The passenger quarters have increased shoulder, elbow and headroom, while the boot has grown by 29l to 370l. It’s not just about space but practicality too, and the loading aperture has grown 20cm in width.
Some of the driver aids from the E-and S-Class sedans have filtered down into Merc’s smallest model, including active brake assist which automatically applies the brakes when it senses an impending frontal collision with a car, cyclist or pedestrian. This is a standard feature across the range, as is active lane keeping assist which recognises inadvertent lane departures and warns the driver with steering wheel vibrations.
Optionally available are active blind spot assist and active steering, which will first warn drivers of unseen vehicles lurking in your periphery, and then pull the car back into its lane if they ignore the warning.
Also optional is the Distronic system which automatically maintains a safe distance from the vehicle in front, and reduces the strain on long journeys and in stop-and-go traffic.
The standard safety package comprises ABS brakes, stability control, front and side airbags, a tyre pressure warning system and hill-start assist.
The new A-Class initially reaches local showrooms in two versions: the A200 and the A250 Sport, respectively priced at R499,000 and R593,300, and including a six-year/ 100,000km maintenance plan.
Next year the range will be extended with the A180d turbodiesel and the high-performance A35 and A45 AMG derivatives.
The A200 is powered by a 1.3l turbocharged petrol four-cylinder with outputs of 120kW and 250Nm. Key claimed performance figures for this derivative are a 0-100km/h sprint in 8.0 seconds and a 225km/h top speed, with fuel consumption quoted at 5.6l per 100km.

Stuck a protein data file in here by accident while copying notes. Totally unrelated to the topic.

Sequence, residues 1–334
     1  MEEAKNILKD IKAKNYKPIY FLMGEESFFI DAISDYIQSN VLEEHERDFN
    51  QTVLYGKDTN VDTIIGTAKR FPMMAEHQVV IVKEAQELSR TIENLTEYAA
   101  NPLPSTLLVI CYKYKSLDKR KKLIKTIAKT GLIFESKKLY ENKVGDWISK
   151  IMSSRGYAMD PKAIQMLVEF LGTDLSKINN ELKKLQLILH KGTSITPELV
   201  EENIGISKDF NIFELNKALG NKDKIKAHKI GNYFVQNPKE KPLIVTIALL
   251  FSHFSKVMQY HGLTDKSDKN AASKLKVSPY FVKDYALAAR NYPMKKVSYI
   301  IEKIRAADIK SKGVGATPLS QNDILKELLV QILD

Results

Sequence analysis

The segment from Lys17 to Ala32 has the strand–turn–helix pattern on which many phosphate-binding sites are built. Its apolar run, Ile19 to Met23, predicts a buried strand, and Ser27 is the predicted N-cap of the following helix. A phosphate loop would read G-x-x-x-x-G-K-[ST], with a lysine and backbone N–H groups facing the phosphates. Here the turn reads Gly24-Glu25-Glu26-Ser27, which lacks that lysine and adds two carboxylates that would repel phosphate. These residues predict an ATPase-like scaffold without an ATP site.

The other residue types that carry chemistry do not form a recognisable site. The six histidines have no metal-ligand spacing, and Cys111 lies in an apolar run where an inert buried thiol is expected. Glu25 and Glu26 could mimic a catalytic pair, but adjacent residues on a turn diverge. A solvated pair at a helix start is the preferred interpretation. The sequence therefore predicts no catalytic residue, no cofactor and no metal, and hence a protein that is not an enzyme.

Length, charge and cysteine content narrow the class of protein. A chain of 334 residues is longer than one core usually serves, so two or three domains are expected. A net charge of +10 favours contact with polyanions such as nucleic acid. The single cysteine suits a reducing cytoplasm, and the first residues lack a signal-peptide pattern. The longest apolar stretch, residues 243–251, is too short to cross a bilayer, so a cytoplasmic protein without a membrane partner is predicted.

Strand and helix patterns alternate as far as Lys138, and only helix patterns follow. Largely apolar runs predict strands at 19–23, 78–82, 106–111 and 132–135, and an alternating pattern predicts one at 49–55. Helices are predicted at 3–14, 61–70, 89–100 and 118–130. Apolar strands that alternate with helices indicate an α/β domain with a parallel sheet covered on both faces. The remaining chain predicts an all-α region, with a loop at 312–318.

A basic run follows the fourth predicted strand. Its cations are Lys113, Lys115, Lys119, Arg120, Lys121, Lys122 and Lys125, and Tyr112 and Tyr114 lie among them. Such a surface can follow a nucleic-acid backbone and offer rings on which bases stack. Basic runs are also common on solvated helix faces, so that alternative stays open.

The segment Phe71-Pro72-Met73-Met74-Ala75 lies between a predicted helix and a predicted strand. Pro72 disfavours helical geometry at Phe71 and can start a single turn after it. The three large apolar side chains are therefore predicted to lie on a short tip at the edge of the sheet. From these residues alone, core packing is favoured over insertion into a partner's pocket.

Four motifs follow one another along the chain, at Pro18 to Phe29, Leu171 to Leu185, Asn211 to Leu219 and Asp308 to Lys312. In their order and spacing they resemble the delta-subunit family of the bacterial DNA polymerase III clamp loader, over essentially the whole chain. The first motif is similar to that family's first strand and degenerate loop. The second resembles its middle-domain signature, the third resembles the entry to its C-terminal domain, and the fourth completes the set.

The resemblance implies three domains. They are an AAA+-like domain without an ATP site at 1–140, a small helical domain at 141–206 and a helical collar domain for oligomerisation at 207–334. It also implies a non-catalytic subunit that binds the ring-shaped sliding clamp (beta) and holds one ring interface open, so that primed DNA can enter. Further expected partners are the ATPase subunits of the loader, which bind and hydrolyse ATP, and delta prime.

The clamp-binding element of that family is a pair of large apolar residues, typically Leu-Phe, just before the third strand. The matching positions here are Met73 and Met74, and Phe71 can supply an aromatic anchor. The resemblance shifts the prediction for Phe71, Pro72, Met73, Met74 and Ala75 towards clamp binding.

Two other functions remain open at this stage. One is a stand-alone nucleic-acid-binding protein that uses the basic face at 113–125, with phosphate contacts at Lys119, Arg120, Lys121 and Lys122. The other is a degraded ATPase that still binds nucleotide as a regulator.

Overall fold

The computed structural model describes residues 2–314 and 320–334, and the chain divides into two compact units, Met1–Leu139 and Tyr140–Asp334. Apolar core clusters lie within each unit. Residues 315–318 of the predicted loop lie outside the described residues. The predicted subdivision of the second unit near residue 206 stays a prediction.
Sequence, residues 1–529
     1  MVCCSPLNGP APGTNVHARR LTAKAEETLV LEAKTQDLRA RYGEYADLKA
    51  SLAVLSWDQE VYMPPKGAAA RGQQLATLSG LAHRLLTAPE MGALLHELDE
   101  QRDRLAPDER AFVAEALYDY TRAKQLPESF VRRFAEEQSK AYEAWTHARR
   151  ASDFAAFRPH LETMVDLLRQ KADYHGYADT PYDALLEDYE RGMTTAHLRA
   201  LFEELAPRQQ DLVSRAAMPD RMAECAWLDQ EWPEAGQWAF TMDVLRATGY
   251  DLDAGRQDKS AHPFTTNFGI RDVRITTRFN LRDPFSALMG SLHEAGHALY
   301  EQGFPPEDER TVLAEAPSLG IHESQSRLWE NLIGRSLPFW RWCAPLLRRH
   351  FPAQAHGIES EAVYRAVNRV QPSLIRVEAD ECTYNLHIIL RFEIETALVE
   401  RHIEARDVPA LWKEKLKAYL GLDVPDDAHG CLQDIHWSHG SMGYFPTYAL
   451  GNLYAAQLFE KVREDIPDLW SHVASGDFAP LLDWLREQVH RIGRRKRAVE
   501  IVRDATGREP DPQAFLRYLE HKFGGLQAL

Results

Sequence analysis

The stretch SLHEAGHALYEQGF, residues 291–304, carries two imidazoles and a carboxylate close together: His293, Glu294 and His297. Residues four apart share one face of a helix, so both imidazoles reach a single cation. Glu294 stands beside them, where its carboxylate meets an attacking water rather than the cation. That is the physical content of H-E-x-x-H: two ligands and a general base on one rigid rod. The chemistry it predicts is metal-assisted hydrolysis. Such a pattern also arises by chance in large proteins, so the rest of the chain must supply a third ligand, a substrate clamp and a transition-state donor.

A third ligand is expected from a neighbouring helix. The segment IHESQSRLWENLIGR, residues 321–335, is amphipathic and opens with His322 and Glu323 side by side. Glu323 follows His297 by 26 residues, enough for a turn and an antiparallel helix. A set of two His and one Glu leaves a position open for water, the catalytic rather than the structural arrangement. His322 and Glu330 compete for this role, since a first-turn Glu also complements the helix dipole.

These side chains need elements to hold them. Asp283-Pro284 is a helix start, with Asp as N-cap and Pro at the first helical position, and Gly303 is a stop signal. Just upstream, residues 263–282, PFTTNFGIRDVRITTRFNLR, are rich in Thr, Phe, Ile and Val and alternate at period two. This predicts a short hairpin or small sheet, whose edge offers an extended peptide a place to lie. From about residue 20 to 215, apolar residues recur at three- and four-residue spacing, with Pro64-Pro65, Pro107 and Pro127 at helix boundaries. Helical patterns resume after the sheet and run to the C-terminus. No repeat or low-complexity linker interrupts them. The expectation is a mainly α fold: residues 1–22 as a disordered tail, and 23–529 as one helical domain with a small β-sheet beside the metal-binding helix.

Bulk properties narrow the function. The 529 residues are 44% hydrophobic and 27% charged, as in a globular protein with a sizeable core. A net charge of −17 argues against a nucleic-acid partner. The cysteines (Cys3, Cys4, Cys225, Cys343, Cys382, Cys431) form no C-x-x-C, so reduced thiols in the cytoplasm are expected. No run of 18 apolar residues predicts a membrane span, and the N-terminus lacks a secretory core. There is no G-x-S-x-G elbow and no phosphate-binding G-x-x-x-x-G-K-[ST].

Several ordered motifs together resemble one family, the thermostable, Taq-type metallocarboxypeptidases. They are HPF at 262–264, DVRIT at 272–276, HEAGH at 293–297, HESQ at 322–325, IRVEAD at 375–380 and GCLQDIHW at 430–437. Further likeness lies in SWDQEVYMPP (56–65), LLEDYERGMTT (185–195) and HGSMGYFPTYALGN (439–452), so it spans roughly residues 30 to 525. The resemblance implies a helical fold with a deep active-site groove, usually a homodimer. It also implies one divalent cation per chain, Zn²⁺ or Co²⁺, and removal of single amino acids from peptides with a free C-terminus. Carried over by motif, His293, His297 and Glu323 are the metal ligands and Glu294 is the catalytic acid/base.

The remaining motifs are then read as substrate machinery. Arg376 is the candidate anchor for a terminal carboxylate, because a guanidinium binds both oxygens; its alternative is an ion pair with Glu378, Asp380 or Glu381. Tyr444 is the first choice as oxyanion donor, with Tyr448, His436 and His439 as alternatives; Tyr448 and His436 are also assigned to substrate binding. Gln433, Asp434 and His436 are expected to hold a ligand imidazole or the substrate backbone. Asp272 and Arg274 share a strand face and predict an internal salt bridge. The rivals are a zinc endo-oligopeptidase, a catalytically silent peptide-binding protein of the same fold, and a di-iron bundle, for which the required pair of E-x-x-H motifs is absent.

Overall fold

The A250 gets moved along by a 2.0l petrol turbo with hot-hatch outputs of 165kW and 350Nm, for a factory-claimed 0-100 in 6.2 seconds a top whack of 250km/h, and a thirst of 6.5l/100km.
Both cars are front-wheel driven via a seven-speed dual-clutch 7G-DCT automatic gearbox operable by steering-mounted gearshift paddles.
Like its predecessors the new A-Class has a McPherson front suspension, with the more powerful A250 Sport equipped with adaptive damping in combination with larger wheels, and sophisticated four-link rear suspension (the A200 has a more traditional torsion beam at the rear).
The adaptive damping enables the driver to choose between a softer or firmer ride at the flick of a switch.
The rear axle is mounted on a subframe isolated from the bodyshell by rubber bushings so that fewer vibrations are transferred from the suspension to the body.
Both derivatives are equipped as standard with Dynamic Select, where the driver can change between Comfort, Sport, Eco or Individual driving modes which affect the responses of the steering, throttle and gearshifts, as well as the adaptive damping where fitted.